Garry Shandling's Celebrity Friends Honor Him By Playing Basketball at His House
A celebrity roster of basketball players gathered to play one last game at Garry Shandling's Los Angeles home.
Celebrity friends of the late Garry Shandling gathered at his Los Angeles home to play a game of pickup basketball in homage to their colleague, who died suddenly last week at age 66.
The players included commentator Bill Maher, actors Jeffery Tambor and Ryan Phillippe, and comics Kathy Griffin and Sarah Silverman. The game was a memorial to the TV star and comedy writer, who held Sunday games at his home for more than a decade.
"One last game of basketball at Garry's house to say goodbye," wrote longtime friend and actor/filmaker/producer Judd Apatow on a photo of the gathering posted to Instagram.
Apatow also posted this photo of Ellen DeGeneres and Shandling, captioned "Garry and a former flame"
Tributes have poured in since Shandling died Thursday after collapsing at his home and being rushed to a Santa Monica hospital. He is believed to have suffered a massive heart attack.
Friends were shocked by his sudden death. The well-known entertainer was a basketball fanatic and worked out several times a week.
In recent years, Shandling had removed himself from the entertainment spotlight, appearing briefly in "Iron Man 2" and "Captain America: The Winter Soldier" and providing his voice the animated "Over the Hedge."
But it was his innovative television series from the 1980s and 1990s that brought him his greatest fame, complete with 19 Emmy nominations and two Golden Globe trophies.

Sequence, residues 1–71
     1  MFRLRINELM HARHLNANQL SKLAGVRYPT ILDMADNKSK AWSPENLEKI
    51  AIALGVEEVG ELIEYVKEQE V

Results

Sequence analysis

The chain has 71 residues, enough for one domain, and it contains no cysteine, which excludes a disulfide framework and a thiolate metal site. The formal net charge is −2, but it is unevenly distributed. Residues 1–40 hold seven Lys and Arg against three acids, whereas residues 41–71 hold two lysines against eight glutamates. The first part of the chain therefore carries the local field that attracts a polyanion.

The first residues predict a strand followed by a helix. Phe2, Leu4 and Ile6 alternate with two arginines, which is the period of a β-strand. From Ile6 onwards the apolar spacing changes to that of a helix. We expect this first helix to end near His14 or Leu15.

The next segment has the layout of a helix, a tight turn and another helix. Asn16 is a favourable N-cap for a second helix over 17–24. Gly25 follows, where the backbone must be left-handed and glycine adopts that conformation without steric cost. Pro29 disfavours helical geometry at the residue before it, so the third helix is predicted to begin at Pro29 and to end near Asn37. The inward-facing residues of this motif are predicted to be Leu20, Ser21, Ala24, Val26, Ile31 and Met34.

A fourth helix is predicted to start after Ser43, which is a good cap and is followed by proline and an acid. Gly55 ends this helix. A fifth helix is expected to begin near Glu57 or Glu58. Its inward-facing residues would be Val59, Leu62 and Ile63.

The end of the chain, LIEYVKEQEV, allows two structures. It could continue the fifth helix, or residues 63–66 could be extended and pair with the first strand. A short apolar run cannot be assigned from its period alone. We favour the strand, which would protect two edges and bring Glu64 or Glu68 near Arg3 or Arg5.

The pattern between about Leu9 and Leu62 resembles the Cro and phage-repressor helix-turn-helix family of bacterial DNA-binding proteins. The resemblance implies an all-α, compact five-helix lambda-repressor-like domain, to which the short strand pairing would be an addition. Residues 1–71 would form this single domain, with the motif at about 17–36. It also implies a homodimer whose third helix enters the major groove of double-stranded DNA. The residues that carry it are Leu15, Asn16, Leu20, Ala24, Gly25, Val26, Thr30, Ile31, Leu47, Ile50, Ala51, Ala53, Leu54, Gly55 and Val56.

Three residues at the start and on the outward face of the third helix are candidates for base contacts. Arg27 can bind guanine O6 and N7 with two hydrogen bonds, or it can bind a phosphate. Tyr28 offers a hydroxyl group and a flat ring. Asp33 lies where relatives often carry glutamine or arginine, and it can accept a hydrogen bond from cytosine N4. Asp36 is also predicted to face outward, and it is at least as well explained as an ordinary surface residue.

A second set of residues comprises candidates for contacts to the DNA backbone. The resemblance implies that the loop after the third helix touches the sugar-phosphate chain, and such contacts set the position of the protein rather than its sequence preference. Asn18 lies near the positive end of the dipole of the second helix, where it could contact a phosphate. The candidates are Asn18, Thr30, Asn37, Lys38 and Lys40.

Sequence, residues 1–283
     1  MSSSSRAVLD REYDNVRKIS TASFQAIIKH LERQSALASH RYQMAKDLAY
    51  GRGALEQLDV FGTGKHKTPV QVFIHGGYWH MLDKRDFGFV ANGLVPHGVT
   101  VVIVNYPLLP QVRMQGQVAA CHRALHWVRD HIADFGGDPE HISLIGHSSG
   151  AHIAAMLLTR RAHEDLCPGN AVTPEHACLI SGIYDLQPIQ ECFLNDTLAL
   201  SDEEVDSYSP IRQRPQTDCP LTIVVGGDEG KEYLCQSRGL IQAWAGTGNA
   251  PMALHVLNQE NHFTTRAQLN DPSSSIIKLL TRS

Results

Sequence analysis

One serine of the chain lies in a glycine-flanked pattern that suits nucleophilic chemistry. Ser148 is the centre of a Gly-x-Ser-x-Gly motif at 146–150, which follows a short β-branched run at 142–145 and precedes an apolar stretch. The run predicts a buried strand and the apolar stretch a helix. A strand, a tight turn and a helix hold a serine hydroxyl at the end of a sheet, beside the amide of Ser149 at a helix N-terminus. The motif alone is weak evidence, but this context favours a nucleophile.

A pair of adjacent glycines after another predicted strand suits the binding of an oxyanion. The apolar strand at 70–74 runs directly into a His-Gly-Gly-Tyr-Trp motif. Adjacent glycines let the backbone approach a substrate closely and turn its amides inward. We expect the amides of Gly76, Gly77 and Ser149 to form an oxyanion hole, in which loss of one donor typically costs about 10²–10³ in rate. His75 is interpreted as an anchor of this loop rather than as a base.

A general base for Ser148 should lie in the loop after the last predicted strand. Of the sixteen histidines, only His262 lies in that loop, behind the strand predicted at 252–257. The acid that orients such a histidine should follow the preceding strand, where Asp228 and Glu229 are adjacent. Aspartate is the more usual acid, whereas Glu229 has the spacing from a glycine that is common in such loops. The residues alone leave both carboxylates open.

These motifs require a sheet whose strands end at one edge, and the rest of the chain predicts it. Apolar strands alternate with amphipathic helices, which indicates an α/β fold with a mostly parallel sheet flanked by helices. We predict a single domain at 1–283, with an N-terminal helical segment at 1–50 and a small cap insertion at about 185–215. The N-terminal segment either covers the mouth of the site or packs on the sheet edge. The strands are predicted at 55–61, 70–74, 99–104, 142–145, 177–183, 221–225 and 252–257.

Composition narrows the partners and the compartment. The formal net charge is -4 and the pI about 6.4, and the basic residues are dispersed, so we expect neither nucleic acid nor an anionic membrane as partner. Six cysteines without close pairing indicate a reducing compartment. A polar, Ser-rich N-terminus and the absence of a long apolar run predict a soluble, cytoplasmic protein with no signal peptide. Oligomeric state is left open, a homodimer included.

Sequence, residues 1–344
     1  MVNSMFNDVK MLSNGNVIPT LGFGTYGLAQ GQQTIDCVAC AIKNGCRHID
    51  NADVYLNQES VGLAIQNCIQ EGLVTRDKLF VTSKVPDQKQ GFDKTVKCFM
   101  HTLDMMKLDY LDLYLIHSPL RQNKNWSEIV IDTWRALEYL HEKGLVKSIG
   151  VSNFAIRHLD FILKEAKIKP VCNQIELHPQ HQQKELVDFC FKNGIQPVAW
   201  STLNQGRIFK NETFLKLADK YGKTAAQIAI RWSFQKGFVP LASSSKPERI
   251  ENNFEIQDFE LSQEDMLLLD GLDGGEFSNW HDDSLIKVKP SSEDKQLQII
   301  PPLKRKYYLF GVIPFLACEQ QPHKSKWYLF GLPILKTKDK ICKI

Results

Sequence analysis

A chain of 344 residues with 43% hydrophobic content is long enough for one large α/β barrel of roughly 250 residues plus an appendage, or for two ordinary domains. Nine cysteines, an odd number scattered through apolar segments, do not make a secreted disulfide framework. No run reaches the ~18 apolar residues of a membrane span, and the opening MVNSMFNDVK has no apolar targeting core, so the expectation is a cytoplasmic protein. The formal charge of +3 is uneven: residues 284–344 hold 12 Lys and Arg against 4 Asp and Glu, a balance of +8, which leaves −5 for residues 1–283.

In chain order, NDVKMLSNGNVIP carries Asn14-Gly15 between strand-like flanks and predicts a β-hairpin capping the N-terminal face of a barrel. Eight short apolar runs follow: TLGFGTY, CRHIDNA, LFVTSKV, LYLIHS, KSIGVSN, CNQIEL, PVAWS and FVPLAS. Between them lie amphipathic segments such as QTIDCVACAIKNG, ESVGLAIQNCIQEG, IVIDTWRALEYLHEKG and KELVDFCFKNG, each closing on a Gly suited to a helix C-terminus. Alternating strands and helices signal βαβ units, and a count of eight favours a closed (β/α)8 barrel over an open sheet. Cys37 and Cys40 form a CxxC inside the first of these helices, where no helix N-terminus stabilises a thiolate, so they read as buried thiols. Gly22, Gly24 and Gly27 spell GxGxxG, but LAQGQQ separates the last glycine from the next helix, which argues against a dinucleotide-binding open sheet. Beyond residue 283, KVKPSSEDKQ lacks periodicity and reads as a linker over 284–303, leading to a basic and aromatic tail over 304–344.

"The Larry Sanders Show" was one of HBO's first original series and was acclaimed by critics for its acerbic, warts-and-all depiction of life in Hollywood.
Shandling played Larry Sanders, host of a late-night talk show in which real celebrities, ranging from Elvis Costello to Robin Williams, appeared as themselves.
Another Apatow Instagram post showed Shandling, Warren Beatty, Rip Torn and Apatow on the lot of "The Larry Sanders Show."
The show debuted in 1992 and ran until 1998, with Shandling playing the narcissicistic, anxiety-driven host. A young Apatow was a writer on the show, which received 18 Emmy nominations. Shandling and co-writer Peter Tolan won an Emmy in 1998 for the show's finale.
The program was modeled after the comedian's earlier Showtime series, "It's Garry Shandling's Show," which ran from 1985 to 1990 and featured him as the head of a television program that frequently poked fun at the artifice of celebrity and featured Shandling breaking the "fourth wall" by talking directly to the TV audience.
Shandling's comedy often targeted fame and shallowness. He also took aim at himself, highlighting anxiousness, self-doubt, hypochondria and self-absorption as prominent facets of his persona.
He started his Hollywood career as a comedy writer for 1970s sit-coms including "Welcome Back, Kotter" after a stint as a stand-up comedian. He prefered writing to standing onstage alone, he said, and his piercing wit on the page was a catalyst of his success.
"The Larry Sanders Show" has been ranked by TV Guide, Entertainment Weekly and Time magazine as one of the greatest shows in the history of television.
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